Sunday, September 30, 2012

Colors of fall, pure Michigan

Found these mini peppers in the Evergreen market just north of Acme on US31. Roasted them along side a butter nut squash, and enjoyed their deep smokey flavor.

Thursday, September 27, 2012

Taiten on a rigid heddle loom

According to Catherine Ellis, Taiten was practiced in Japan in the early 20th century. The word refers to gifts made to the Emperor Taisho.

Taiten is a plain weave cloth with a heavy thread placed at regular intervals
in the warp. After weaving , the heavier threads are used to gather the fabric tightly before dyeing. After dying, the heavy warp threads are removed, leaving lacey spaces in regular intervals.

Here is a series of pictures illustrating my process on a rigid heddle loom, plus the end result.

Disclaimer; I am trying out blogger on my iPad. I believe I will blog more if I can do it on this device. And, so far that is true. However, I seem to have no control over the placement or order. Please do your best to relate the random pictures to my narrative. Now back to our story.

Step one: measure a warp of treadsoft super wash wool sock weight yarn at ten ends per inch. This warp was about 80 inches long. Every 7th and 8th thread was a heavier weight hemp yarn. Next time I do this I will use a mercerized cotton, the hemp was not at all slippery, especially when wet.

Step two: plain weave using a fingering weight bamboo silk blended yarn, finished length of the woven price was 62".

Step three: remove from loom. Pull the hemp warp threads from each end, gathering the fabric as tightly as possible. This can cause blisters, so you may want to wear rubber gloves or have bandaids nearby. I was able to gather the entire price down to 9".

Step three: soak the fabric in a vinegar solution for half an hour to prepare the fibers for dying.

Step four: using an acid dye such as lanaset, paint one side of the fabric one color. Paint the other side a contrasting color.

Step five: steam it for 45 minutes.

Step six: this is the hardest part; let it dry.

Step seven: remove heavy warp threads. The resulting fabric will be very springy and will retain the pleats. These pleats are not permanent. For permanent pleats you must use a polyester yarn for the main warp.

Step eight: press fabric, sew into desired shape. I sewed one end of the long rectangle to the side of the other end of the rectangle. There are many ways to do this, so play around with different methods of draping.

I am really happy with this piece, and wear it a lot.

Monday, September 24, 2012

Third Coast Fiber Fest was just the best!

I had an absolute blast! The festival took place on the campus of Wayne State University. I got to hang out with Sarah Peasley, Sally Melville, Candace Eisner-Strick, Judy Pascale, Sheryl Theis, Ellen Taylor, some old friends and some new friends.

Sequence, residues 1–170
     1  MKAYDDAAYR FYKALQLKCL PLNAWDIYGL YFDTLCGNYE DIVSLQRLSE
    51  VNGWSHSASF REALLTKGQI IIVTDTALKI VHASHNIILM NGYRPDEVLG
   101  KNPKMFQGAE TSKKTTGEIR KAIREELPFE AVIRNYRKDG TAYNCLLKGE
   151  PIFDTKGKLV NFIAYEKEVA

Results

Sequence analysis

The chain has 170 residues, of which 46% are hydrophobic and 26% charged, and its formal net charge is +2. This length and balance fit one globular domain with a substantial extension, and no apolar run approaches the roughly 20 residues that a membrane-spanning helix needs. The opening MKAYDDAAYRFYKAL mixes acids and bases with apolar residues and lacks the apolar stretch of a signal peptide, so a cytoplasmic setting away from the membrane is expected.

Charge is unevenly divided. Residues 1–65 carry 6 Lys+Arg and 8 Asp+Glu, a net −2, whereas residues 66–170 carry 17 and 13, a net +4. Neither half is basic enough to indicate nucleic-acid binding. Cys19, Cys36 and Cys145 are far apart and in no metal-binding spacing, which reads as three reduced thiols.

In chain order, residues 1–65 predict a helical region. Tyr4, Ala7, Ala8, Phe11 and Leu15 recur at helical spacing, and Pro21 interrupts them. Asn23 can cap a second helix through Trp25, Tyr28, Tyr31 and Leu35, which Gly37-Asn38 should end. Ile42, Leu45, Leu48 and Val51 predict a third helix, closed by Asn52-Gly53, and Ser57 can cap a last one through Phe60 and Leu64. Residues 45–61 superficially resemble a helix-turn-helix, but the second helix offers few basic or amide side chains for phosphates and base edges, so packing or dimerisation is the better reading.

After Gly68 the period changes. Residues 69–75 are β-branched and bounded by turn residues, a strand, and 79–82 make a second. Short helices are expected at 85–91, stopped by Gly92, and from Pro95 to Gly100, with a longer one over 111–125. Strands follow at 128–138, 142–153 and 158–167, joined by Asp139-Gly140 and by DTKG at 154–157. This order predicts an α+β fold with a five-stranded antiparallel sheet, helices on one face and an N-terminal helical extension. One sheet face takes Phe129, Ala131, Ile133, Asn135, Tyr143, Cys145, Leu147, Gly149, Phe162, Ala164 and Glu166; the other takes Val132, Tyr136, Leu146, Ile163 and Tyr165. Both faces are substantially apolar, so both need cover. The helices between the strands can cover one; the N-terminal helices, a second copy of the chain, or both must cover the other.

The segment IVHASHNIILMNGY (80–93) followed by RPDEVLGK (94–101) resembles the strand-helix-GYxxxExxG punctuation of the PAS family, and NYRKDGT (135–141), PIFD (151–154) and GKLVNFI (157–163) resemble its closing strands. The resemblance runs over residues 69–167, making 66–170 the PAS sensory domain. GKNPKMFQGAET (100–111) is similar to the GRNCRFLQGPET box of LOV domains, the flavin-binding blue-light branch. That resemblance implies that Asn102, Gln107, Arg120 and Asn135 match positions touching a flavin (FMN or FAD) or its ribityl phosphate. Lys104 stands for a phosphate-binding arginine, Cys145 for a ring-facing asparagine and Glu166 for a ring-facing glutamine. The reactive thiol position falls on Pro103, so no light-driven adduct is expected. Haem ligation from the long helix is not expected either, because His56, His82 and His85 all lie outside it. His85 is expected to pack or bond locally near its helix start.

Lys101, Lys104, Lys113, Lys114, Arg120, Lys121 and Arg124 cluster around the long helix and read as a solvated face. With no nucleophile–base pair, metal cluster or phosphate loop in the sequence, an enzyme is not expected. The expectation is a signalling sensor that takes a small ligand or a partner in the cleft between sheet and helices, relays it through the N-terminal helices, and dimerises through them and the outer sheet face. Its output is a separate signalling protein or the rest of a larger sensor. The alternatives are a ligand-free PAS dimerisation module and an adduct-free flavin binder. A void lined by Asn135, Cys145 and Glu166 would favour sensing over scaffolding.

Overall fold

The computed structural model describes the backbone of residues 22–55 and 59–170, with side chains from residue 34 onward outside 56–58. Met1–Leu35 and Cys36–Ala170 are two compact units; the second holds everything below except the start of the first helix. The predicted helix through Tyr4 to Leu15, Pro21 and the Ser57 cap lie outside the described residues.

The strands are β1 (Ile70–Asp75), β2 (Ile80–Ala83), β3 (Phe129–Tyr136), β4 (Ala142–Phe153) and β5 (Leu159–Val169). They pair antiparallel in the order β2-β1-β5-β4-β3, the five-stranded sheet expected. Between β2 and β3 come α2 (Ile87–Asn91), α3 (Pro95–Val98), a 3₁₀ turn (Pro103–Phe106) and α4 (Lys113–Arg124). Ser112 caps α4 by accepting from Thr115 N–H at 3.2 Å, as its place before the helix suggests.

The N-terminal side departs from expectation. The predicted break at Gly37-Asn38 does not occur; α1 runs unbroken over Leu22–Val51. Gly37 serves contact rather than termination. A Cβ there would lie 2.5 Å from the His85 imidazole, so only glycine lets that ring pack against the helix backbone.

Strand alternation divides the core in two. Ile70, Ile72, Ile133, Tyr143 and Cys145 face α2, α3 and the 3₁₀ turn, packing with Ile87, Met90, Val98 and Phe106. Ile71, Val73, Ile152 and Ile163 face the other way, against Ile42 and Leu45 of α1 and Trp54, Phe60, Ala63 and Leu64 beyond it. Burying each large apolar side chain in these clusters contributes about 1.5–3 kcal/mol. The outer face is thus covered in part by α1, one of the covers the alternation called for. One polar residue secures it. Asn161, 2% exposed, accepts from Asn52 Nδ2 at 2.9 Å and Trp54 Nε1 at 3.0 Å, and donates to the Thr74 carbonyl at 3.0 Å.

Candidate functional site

Sandra, owner of Artisan Knitworks and Mother of the festival made sure I had everything I needed for my classes and personal comfort. I was well fed and slept in the most comfortable bed at the Inns on Ferry street.

I taught a beginning rigid heddle weaving class all day on Friday. I had 7 terrific students. They stayed very focused, got their looms warped. They took to weaving like warp to weft, so we were able to play around with pick up sticks in the afternoon. This really means creating textures and patterns on our otherwise plain weave fabric. Not tossing sticks into the air to see where they land. Not on purpose anyway.

After a full day of teaching weaving, I was pretty spent, and desperate to knit. But! I had left my knitting project in my room. I was forced to go into the market to buy some yarn. It really was beyond my control. There were a LOT of really interesting vendors. I finally settled on a big ball of silk
Merino yarn from Twisted. I cast on my five stitches for Whippoorwill, and it was time for Sally's talk. She encourages knitting during her lecture, so I was able to cast on three more times before I got it right. By the end of the lecture I has finished about twelve rows.

Saturday I taught another day long class: color theory. We delved into color harmonies, value keys, simultaneous contrast and more. It was a discussion based class. The students were very insightful, and we all learned from each other. The event wrapped up with a jazz serenade, munchies and wine. The best news would be the words I heard over and over on Saturday: "next year... " Be there!

Thursday, September 20, 2012

I love new weavers

Puppies, kittens, the beginning of the school year, new weavers. I love helping people fall in love with the possibilities of over, under, over, under. From this simple starting place possibilities are endless. Tomorrow, at the first Third Coast Fiber Festival, I will have the privilege of introducing 8 new weavers to warp and weft.

Wednesday, September 19, 2012

Trip to the third coast

I am headed off tomorrow for the Third Coast. Fiber Festival that is. This is the first year for this  two day event on the campus of Wayne State U iversity. Organized by the good folks at Artisan Knits Works, they have assembled a hall full of very interesting vendors, and  "A" list teachers. The teacher list includes  Sally Melville, Sheri Theis, Candace Eisner Strick, Sarah Peasley, Molly Fletcher, and hey, look, me! Nancy McRay! I am very proud to be included. My list here is not exhaustive, so I do encourage you to head over to the Third Coast Fiber Festival website for more.

I will be teaching beginning rigid heddle weaving on Friday, and color theory on Saurday.